Discover it Student Cash Back

Sign-up bonus: None, but Discover will match all cash back earned for the first year.

Rewards rates: Earn 5% cash back on everyday purchases in select rotating categories, on up to $1,500, when you activate. Earn unlimited 1% cash back on everything else.

The Discover it Student Cash Back Card is targeted to students, meaning that depending on your income situation, you may be able to apply for it without a co-signer. Enroll every quarter to earn 5% cash back on up to $1,500 in purchases made in various categories throughout the year, and Discover will match all cash back earned for the first year of having the card. Plus, earn 1% cash back on all other purchases.

Unique perk: You also earn a $20 statement credit for each school year that your GPA is at least 3.0, up to the next five years — so, keep those grades up.

Journey Student Rewards from Capital One

(Photo by John Gribben for The Points Guy)

Sign-up bonus: None.

Rewards rates: Earn 1% cash back on all purchases, with a boost to a total of 1.25% cash back with on-time monthly payments. Plus, earn $5 per month for 12 months on select streaming subscriptions when you pay on time.

The Journey Student Rewards card is targeted toward those with minimal credit history. While it may not earn the most valuable rewards on the market, it has many benefits that encourage responsible payment practices and can be a valuable tool for earning modest rewards while forming a good relationship with money and credit.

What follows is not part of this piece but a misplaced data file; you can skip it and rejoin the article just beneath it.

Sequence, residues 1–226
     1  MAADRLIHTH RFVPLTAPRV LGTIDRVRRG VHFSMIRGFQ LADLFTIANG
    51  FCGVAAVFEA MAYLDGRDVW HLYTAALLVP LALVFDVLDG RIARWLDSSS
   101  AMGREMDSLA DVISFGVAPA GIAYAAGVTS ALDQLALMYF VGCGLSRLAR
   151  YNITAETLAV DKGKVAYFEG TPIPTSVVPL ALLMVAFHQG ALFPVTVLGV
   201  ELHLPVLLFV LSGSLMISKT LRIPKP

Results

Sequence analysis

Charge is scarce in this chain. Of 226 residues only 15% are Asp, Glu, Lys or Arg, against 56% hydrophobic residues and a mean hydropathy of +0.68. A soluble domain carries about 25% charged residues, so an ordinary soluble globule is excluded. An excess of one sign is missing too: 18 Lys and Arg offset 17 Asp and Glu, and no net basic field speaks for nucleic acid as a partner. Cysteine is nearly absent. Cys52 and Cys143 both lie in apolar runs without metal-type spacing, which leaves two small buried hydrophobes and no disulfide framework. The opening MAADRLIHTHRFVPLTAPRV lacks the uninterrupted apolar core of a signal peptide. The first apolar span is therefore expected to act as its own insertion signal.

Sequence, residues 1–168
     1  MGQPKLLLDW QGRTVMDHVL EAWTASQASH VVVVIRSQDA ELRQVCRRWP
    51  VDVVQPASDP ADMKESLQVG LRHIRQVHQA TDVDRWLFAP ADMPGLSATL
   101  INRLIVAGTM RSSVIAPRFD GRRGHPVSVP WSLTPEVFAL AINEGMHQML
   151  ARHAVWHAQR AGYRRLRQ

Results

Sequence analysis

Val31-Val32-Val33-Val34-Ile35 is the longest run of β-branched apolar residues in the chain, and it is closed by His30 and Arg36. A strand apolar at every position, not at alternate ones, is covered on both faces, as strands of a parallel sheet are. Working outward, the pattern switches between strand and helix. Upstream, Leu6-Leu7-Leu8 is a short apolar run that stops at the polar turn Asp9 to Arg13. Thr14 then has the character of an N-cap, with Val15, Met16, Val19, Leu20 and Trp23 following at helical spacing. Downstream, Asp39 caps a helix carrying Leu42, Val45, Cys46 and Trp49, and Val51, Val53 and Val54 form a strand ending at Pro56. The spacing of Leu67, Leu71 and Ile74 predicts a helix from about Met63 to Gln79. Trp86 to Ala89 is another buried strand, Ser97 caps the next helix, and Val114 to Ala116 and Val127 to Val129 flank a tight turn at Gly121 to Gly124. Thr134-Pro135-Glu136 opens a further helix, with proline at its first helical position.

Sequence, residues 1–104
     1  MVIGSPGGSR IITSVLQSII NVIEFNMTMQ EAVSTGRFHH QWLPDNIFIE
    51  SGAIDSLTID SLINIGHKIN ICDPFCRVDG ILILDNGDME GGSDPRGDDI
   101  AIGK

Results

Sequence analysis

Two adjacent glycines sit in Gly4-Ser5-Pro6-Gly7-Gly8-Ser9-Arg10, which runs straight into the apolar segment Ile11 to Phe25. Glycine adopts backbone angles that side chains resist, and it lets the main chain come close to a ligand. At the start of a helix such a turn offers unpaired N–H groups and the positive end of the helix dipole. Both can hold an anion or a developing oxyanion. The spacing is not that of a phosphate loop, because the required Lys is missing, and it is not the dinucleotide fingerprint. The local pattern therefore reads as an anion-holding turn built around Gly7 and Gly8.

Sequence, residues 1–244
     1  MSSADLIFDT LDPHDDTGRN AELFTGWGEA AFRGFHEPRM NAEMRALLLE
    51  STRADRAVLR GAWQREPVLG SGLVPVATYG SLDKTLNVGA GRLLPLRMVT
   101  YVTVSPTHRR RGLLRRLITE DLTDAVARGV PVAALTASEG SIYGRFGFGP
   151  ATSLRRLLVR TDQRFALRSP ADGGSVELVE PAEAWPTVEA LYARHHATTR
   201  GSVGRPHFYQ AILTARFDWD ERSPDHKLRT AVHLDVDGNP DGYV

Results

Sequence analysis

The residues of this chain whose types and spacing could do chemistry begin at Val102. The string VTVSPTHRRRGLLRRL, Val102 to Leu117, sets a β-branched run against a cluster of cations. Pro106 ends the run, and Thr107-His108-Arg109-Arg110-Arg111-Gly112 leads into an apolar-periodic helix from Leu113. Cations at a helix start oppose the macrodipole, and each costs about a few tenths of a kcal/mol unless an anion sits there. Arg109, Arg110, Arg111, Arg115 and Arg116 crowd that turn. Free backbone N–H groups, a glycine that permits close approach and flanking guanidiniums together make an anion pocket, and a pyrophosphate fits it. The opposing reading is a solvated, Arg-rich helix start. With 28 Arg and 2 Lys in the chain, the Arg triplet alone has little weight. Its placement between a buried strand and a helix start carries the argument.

Unique perk: There are no foreign transaction fees in case your 18-year-old ends up studying abroad. Be sure to check out Capital One’s full lineup of student credit cards, all of which don’t charge foreign transaction fees and offer the opportunity to earn rewards.

OpenSky Secured Visa Credit Card

(Photo by John Gribben for The Points Guy)

Sign-up bonus: None.

Rewards rates: None.

With the OpenSky Secured Visa card, there’s no sign-up bonus or rewards-earning opportunities. Instead, this card is designed for those with limited (or no) credit history, and your 18-year-old can qualify even if they don’t have an income right now.

This is a secured credit card, which means you’ll have to deposit money (as little as $200) to your account, which will define your credit limit. This is somewhat counterintuitive, but it allows you to make payments on the card that are reported to the credit bureaus to help build your credit score. Once you build up your credit score, the security deposit is fully refundable as you graduate to better credit cards on the market.